Cedar trees cleared for Corps of Engineer land to be used as fishing habitat on beaver Lake
Arkansas Game and Fish Commission crews used chainsaws to gnaw down nearly 900 invasive cedar trees during the last two weeks and recycled them into valuable fish habitat at Beaver Lake in northwest Arkansas.
The Army Corps of Engineers doesn’t allow cutting of trees on its property, but a special agreement was worked out for the project. The Corps would allow the AGFC to remove cedars from land the AGFC leases from the Corps to enhance the wildlife habitat and provide the material needed for fish habitat in the lake.
“We did have to get some permits from the Corps to do this cedar removal on Corps property,” Jon Stein, supervisor in the Arkansas Game and Fish Commission’s Northwest Regional Office, said of the project. “They don’t allow people to cut trees on their property, but we’re doing so much to enhance wildlife and fish; also terrestrial plants and pollinator species. It's just a win-win for everyone.”
The two-weeks of tree work at Beaver Lake is part of a two-prong project of enhancement over the next few years.
“Two or three years ago, Commissioner (Bobby) Martin and I talked about doing a large-scale project on Beaver,” Stein said. “The first goal is to improve the water quality in Beaver Lake and the second was to improve the fish habitat in the lake.
Along with the tree-habitat work, a streambank stabilization project, overseen by AGFC Stream Team Coordinator Sean Saunders, will reduce the amount of sediment sloughing into the lake from upstream.
“The tributaries of Beaver Lake have experienced eroding shorelines due to flooding and land use,” Stein said. “The goal of this project is to work with a local landowner to conduct bank stabilization that will reduce the amount of sediment released into creeks and eventually Beaver Lake.”
Plans are yet to be worked out before the bank stabilization project gets underway, but the money has been secured through the help of the Beaver Watershed Alliance. The Alliance is a nonprofit “that is basically trying to educate people about improving the water quality on Beaver Lake and its tributaries by getting funding to do these projects,” Stein said.
The Reservoir Fish Habitat Partnership, which provides federal funds that go specifically to fish enhancement projects, is providing a $40,000 matching grant for the stabilization project. For part of the match, Stein said, the Fisheries Division had to have in-kind labor enhancing the fish habitat in the lake, which is where the two-week cedar cutting-and-sinking project comes in.
Stein said the AGFC will also be working with the Bear Creek Bass Club, Quail Forever, the Northwest Arkansas Bassmasters, Back Country Hunters and Anglers and other groups and outdoors vendors, such as Hook, Line and Sinker Outdoors, for voluntary help on the project.
“We’ll take them out over the year and they’ll help us sink habitat into the lake, so we can use their volunteer time and labor as a match to get that funding from the RFHP,” Stein said.
Bass Pro Shops is donating $35,000 to improve water quality and fish quality. FishAmerica Foundation is providing $80,000 for the purchase of a new habitat barge for Stein’s district, based in Rogers.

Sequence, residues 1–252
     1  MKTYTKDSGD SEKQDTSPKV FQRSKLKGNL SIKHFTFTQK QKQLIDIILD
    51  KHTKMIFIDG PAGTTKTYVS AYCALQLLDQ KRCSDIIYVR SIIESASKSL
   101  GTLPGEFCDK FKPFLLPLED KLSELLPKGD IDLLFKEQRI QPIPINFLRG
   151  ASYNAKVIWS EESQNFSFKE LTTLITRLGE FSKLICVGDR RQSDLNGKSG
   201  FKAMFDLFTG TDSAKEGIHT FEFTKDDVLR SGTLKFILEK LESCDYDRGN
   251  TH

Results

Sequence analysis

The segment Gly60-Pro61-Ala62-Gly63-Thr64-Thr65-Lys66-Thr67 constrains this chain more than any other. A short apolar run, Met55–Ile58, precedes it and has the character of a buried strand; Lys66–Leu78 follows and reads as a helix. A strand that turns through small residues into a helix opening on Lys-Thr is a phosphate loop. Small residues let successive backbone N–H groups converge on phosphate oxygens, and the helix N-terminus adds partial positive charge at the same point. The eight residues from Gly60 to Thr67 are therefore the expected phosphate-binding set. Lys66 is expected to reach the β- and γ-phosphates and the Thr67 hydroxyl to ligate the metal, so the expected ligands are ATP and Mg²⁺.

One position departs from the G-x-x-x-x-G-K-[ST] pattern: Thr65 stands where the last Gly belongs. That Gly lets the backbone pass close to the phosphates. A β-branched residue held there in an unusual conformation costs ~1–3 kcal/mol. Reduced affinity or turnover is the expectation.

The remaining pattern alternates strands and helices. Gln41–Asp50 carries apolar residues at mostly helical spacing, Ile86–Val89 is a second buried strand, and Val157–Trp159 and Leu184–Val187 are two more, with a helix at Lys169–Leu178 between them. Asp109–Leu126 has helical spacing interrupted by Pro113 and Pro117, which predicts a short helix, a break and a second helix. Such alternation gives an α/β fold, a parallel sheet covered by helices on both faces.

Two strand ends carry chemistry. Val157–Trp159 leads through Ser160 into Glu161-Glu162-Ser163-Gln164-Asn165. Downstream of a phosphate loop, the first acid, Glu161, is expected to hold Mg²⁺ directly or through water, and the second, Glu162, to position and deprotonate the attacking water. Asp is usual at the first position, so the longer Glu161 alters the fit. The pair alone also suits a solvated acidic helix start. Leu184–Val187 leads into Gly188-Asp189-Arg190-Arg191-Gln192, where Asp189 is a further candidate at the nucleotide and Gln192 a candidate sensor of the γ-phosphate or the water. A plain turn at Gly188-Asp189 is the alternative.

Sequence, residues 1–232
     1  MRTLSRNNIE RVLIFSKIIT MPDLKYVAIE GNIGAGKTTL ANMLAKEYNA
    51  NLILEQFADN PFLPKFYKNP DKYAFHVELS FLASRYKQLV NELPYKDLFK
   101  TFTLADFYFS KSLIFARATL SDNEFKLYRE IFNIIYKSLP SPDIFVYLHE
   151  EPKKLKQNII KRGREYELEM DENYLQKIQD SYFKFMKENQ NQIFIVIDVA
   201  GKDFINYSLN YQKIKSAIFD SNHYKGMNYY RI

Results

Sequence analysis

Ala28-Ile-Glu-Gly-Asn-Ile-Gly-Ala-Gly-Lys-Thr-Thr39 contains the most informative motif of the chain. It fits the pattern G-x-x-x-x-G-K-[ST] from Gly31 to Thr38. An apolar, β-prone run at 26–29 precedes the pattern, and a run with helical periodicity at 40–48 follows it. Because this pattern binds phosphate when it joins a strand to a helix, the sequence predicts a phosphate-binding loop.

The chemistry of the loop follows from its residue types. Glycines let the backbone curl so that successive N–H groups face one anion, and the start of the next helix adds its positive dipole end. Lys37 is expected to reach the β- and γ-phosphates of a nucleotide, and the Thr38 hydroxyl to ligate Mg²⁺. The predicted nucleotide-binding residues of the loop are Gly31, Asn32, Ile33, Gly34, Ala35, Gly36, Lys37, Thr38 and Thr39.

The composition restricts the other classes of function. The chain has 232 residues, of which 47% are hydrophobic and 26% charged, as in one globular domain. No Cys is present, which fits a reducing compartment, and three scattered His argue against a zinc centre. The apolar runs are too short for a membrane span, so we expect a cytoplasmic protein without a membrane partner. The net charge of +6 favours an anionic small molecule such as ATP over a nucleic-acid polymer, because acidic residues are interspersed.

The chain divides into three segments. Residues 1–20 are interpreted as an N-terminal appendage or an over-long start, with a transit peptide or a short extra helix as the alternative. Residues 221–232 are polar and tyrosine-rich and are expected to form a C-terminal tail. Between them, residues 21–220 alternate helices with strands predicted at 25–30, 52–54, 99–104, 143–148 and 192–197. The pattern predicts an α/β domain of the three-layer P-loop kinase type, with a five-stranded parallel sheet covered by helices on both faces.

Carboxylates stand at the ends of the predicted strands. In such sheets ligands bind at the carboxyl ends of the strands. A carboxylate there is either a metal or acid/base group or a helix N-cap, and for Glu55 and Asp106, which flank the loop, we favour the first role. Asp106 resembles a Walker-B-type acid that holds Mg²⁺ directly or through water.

The tree-cutting project is an all-encompassing effort that extends beyond fish. Some of the clearing is opening up huge thickets of cedars so animals and pollinators can thrive.
While becoming increasingly common, eastern redcedar have taken over many fragile habitats, such as glades, because of decades of fire suppression. Many species once common throughout northeast Arkansas have seen declines, and the cedar invasion has played some role in those declines.
By removing cedars from islands and shorelines of the lake, fisheries crews are improving both terrestrial and aquatic habitat in one punch.
During the first week, 27 AGFC employees sank more than 500 trees to create 89 habitat sites on the southern end of the lake. Another 56 sites were created during the second week, with 22 staffers on hand, moving to the middle and upper end of the lake. All said and done, 882 invasive cedars were removed from the shore and islands and used in the fish habitat sites, available on the interactive map at agfc.com.
“Beaver Lake, over time, the standing timber that was in the lake bed is degrading,” Strein said. “These brush piles that we’re making, each has between six and 10 large cedar trees and are easy to find with a depth finder.”
Brush piles allow small fish to hide, but also give predators such as largemouth bass an ambush spot. Fish feel more comfortable in cover, Stein said, as opposed to sitting out on a point in the open. In lakes like Beaver that are deep, rocky, old and generally lacking complex habitat, these do an excellent job of congregating fish, including different species at different times of year.
Beaver Lake is known for black bass – largemouth, spotted and smallmouth. Crappie is another important species in the lake, Stein notes, and Beaver lake also has a striped bass population. Stripers will use the brushpiles at certain times of year, but usually are found in the main lake. The lake also has a good population of walleye.
The full story of the Beaver Lake fish habitat project is available in the January/February issue of Arkansas Wildlife, the AGFC’s award-winning magazine. Arkansas Wildlife is available by subscription for just $12 a year, which includes five bimonthly issues and the 13-month calendar issue full of wildlife photos each July.
A two-year subscription is $20 and a three-year deal is $25.
To keep up with your AGFC and the Arkansas outdoors, call 800-283-2664 or visit www.arkansaswildlife.com.